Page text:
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But even triumphs come with an opportunity cost. Today, we're taking a moment to reflect on four ways science has not benefited from this singular focus, as explained by Ed. (His piece is worth reading in full.)
1. Halting research on other topics
Long-term studies that monitored bird migrations or the changing climate will forever have holes in their data because field research had to be canceled … Even research on other infectious diseases was back-burnered.
2. So-called epistemic trespassing
While the most qualified experts became quickly immersed in the pandemic response, others were stuck at home looking for ways to contribute … Often, they made things worse by swerving out of their scholarly lanes and plowing into unfamiliar territory.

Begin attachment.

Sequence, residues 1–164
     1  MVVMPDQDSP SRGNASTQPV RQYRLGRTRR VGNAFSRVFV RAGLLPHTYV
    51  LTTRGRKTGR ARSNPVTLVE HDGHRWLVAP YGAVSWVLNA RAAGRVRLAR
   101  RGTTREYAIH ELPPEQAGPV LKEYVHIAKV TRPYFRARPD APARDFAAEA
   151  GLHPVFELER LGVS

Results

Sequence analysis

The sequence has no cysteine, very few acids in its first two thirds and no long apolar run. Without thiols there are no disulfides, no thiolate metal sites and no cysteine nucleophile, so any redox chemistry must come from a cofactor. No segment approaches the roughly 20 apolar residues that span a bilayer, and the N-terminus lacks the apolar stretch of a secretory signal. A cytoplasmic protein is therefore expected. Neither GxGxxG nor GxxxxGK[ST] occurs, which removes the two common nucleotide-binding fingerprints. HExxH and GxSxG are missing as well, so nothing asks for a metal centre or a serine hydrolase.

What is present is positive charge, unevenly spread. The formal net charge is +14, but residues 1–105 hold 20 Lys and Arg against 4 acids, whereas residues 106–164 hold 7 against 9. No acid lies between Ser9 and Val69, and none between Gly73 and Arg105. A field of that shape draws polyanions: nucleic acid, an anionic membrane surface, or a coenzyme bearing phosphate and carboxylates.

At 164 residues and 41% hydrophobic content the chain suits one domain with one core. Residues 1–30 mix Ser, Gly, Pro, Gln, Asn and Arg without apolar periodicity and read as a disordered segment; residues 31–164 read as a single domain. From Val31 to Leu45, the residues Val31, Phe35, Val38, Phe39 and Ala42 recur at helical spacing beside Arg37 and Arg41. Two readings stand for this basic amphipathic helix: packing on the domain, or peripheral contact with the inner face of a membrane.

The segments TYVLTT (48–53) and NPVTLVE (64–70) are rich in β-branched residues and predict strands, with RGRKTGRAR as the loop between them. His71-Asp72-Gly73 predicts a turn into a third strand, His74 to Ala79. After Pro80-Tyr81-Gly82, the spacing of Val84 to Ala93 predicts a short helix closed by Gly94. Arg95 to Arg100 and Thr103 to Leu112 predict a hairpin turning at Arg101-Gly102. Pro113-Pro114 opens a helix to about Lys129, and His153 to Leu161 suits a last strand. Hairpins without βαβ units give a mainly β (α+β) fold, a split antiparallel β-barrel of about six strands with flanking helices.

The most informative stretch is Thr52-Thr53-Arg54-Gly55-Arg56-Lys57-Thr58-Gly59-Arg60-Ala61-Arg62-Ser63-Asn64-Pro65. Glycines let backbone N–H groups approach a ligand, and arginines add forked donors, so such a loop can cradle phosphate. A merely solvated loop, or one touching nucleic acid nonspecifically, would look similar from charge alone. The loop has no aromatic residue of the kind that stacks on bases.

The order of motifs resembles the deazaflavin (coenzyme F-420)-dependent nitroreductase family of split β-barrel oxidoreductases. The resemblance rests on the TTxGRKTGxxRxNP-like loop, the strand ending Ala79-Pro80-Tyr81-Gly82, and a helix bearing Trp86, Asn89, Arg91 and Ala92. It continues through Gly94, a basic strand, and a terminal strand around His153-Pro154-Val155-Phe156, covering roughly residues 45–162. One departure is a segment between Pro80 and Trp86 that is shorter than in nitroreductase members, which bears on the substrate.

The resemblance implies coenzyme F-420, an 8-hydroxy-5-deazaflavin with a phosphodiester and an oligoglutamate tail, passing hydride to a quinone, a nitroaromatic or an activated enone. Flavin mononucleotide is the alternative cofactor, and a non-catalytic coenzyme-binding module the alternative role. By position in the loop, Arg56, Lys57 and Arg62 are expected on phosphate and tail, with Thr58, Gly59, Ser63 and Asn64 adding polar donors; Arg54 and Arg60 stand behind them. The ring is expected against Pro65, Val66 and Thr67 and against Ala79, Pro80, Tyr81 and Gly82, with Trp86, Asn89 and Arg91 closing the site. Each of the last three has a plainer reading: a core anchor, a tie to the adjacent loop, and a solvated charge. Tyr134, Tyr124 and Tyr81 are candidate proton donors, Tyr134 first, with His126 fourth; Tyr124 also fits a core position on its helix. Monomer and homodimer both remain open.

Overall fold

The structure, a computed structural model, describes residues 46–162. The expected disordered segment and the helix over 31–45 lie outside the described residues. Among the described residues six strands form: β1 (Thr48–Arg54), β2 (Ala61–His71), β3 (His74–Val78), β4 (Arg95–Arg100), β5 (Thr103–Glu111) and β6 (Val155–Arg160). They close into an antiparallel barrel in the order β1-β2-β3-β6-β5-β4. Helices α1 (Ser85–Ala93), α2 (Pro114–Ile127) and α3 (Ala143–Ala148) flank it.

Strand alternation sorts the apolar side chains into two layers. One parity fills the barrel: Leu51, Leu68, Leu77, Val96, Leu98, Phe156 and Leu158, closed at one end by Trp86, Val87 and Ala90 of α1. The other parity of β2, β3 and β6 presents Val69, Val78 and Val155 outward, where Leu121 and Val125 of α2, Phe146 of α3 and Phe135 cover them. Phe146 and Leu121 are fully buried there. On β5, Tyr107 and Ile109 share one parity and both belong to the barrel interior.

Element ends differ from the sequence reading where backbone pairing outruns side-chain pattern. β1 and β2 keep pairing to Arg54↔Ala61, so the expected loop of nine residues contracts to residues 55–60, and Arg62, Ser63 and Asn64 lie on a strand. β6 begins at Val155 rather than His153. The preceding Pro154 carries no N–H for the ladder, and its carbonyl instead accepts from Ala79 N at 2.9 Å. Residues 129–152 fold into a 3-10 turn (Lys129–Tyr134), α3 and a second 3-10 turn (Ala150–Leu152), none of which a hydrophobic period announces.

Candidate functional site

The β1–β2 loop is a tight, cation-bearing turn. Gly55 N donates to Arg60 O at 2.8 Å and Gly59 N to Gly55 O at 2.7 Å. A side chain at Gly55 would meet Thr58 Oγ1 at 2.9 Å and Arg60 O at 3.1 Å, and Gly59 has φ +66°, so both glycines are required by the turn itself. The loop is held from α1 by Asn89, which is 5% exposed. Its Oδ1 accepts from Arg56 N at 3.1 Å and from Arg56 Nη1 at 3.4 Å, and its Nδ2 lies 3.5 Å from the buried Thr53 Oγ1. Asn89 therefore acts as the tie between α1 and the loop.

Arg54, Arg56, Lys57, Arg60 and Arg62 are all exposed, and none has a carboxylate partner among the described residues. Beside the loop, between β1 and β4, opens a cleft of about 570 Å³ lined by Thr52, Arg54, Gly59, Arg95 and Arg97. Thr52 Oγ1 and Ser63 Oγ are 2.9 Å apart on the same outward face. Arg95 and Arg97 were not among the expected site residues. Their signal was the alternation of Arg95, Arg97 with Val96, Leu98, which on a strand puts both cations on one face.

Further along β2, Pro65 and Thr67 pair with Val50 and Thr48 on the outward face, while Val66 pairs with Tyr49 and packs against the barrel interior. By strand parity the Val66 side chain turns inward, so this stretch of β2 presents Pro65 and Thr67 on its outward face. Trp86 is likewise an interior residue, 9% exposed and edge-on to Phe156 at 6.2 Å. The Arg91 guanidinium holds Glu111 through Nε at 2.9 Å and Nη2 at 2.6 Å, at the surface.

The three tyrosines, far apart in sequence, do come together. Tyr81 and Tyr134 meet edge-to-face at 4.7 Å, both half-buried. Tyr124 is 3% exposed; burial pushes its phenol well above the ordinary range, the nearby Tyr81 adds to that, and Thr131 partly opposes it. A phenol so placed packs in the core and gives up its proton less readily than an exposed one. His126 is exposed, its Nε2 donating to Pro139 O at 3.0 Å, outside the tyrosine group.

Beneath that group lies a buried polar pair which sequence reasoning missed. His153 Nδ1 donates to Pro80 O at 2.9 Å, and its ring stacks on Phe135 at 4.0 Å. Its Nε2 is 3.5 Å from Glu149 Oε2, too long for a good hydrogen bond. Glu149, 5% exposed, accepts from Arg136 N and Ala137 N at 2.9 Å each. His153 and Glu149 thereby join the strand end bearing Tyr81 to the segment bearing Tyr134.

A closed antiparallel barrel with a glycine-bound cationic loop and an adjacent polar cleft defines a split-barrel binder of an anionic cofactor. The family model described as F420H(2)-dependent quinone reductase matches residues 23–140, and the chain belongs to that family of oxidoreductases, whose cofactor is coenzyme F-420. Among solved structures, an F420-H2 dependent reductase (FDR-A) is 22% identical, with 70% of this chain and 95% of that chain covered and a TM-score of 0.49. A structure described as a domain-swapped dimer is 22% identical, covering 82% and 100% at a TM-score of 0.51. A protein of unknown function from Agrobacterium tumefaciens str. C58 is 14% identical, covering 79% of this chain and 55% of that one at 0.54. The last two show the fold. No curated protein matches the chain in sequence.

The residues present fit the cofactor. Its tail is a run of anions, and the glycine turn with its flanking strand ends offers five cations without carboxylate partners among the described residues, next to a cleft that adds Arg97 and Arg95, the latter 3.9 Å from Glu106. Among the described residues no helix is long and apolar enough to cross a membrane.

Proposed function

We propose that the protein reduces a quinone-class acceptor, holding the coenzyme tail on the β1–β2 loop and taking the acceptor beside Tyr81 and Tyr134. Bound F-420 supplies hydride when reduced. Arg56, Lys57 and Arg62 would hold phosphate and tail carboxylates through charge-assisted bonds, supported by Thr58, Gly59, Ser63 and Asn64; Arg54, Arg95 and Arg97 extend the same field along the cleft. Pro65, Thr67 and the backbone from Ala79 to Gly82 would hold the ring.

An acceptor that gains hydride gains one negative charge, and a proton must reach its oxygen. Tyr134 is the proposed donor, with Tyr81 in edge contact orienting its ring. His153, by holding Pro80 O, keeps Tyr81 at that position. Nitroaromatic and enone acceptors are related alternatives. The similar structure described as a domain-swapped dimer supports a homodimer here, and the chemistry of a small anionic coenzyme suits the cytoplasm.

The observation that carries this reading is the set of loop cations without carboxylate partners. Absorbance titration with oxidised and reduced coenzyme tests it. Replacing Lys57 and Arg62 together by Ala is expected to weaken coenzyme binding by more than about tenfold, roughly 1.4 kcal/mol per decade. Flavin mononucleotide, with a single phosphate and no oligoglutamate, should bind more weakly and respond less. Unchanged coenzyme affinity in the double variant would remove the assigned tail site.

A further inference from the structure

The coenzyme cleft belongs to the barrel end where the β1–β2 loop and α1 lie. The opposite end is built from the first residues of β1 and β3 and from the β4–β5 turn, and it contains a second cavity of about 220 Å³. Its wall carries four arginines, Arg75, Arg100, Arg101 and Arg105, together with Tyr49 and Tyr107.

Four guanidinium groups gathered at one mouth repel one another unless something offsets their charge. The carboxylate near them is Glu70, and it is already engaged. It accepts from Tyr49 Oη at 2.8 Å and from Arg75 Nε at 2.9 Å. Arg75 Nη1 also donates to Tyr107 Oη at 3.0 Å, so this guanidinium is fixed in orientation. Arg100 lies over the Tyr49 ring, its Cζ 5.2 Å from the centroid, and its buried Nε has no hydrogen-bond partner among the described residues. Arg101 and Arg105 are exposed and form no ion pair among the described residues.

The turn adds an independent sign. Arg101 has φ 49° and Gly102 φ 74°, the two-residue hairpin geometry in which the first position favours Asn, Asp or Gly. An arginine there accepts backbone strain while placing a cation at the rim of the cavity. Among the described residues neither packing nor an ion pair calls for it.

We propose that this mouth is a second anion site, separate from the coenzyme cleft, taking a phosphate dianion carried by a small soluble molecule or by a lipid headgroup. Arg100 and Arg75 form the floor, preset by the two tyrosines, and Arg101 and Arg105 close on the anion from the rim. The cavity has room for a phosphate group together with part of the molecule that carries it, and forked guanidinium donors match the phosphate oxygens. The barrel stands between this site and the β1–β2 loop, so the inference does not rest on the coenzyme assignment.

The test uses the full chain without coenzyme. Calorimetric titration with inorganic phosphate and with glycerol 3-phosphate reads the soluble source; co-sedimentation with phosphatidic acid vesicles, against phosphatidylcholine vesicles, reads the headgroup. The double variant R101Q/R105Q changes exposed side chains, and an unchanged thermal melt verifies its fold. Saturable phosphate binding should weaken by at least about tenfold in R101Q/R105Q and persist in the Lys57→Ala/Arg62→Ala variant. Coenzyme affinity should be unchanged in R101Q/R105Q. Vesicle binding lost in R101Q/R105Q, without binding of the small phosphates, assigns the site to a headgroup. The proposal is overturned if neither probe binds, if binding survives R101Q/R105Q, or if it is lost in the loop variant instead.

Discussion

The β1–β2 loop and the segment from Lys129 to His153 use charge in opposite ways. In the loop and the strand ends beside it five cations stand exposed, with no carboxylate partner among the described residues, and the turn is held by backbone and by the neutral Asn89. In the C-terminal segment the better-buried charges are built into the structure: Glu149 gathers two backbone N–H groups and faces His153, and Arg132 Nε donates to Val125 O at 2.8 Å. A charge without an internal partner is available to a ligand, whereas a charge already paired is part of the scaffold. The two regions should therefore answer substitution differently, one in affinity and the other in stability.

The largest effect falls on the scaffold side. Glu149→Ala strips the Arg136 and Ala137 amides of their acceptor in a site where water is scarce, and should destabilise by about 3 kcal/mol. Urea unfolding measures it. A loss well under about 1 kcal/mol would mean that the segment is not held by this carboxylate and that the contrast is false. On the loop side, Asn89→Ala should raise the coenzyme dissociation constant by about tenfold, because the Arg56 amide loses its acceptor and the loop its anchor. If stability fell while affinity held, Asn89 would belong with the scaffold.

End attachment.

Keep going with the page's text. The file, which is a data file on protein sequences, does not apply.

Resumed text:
3. An overfocus on “silver bullets”
Simple acts like wearing a mask and staying at home, which rely on people tolerating discomfort for the collective good, became society’s main defenses against the virus in the many months without effective drugs or vaccines. These are known as nonpharmaceutical interventions—a name that betrays medicine’s biological bias. For most of 2020, these were the only interventions on offer, but they were nonetheless defined in opposition to the more highly prized drugs and vaccines.
4. Widening inequalities
Women’s research hours fell by nine percentage points more than did men’s because of the pressures of COVID‑19. And when COVID‑19 created new opportunities, men grabbed them more quickly …
American scientists of color also found it harder to pivot than their white peers, because of unique challenges that sapped their time and energy.
One question, answered: The first vaccines are out in the world. So who gets them first? When can the general public expect to be vaccinated?